In the reading for today, God stands with the plumb-line, measuring the righteousness (the integrity) of the wall that is the land of Israel.  John the Baptist, who tried on his own to point the people in the direction of God’s justice, is dead.  Jesus has sent his disciples out to do the work that he has been doing, but they don’t understand.

Unlike David dancing with all his might in celebration of bringing the Ark to Jerusalem, or the Elves’ implied parallelism of Salome’s deadly dance that resulted in the graphic death of John the Baptist, the feeding of the five thousand and Jesus’s stroll on the water’s surface are not verifiable, filmable fact.  They are parables Mark tells about Jesus; they are powerful metaphors that illustrated who Jesus was, and what his teaching meant to first-century Jewish exiles from Roman imperialism.  They are just as relevant to 21st Century exiles from Christian hegemony, struggling with contemporary social imperialism.  They tell us how to follow Jesus’s Way into God’s Realm of distributive justice-compassion; how to transform our lives into a collaborative, realized eschatology:  the end of the way humanity has been doing things from the beginning.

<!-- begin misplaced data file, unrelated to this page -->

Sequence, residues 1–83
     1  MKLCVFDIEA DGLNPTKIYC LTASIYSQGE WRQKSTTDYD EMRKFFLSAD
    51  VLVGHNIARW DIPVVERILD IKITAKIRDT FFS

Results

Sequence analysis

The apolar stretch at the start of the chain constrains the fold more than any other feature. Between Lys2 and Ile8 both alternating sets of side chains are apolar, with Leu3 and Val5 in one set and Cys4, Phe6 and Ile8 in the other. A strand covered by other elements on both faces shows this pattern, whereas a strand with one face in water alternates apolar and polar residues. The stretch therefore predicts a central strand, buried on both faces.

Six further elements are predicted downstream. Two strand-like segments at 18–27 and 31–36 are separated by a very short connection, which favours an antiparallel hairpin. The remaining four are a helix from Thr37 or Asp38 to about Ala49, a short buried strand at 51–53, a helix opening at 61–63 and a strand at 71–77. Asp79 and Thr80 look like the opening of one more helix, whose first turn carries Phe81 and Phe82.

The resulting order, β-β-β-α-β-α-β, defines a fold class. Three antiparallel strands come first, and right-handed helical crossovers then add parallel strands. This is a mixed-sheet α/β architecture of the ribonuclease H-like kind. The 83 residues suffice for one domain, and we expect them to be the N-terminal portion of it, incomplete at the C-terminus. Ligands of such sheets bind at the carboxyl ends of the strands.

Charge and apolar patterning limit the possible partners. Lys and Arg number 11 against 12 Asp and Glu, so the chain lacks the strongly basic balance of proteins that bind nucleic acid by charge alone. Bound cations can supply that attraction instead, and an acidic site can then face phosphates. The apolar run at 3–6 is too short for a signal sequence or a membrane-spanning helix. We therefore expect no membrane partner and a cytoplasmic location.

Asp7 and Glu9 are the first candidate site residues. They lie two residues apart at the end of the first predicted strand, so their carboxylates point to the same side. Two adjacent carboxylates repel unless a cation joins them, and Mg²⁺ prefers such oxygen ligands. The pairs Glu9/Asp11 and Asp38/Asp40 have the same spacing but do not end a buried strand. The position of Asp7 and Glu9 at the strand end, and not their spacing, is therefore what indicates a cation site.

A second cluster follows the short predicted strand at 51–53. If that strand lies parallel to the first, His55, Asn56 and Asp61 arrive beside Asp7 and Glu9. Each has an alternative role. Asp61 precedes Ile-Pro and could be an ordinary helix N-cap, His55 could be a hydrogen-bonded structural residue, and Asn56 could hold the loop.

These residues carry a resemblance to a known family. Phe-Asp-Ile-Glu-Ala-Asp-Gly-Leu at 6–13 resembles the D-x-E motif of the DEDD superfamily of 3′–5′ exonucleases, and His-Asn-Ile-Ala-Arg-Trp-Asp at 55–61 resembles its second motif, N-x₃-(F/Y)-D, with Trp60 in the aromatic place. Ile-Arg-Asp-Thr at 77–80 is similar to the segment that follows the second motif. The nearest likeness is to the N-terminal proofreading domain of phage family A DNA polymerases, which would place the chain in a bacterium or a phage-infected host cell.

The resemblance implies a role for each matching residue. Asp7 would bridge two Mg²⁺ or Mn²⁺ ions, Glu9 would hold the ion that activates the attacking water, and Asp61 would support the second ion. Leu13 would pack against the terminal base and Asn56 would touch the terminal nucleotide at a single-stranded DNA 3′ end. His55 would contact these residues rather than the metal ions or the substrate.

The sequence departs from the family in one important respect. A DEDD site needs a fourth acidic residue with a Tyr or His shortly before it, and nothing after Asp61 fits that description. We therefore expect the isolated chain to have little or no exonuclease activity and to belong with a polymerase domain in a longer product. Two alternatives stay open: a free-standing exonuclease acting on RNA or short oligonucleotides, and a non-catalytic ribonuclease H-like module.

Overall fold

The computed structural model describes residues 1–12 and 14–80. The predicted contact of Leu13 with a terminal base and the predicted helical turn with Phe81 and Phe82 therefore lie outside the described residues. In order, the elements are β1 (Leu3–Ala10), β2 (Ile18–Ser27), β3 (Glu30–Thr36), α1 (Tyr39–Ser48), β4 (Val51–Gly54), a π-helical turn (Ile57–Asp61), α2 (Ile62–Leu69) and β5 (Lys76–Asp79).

Apparently that is not the message the Elves have in mind.  In the readings for Proper 10, right after Jesus has sent his followers out with nothing but a staff and sandals, John the Baptist is dead and entombed, along with his warnings.  Jesus’s followers have come back and reported what they have been doing, and Jesus has taken them to a private retreat on another part of the lake.  But the crowds saw where they went, and got there ahead of them.  Jesus realized that “they were like sheep without a shepherd, and he started teaching them at length.”  The reading ends there.  But what happens next is more important than Jesus teaching the crowd.  He attempts to show his followers how to share what they have with everyone instead of leaving the people on their own “without a shepherd.”  

Jesus’s followers suggest that Jesus send the people away so they can buy food for themselves.  Jesus tells them, “No way.  You feed them.”  Immediately, they make the usual economic objection:  “Are we to go out and buy half a year’s wages worth of bread and donate it for their meal?!”  A contemporary parallel might be, Jesus suggesting an extension of unemployment benefits.  “Are we to pay increased taxes so these dead-beats can spend their unemployment money on drugs?  Six months is plenty of time to find work if you really want it.”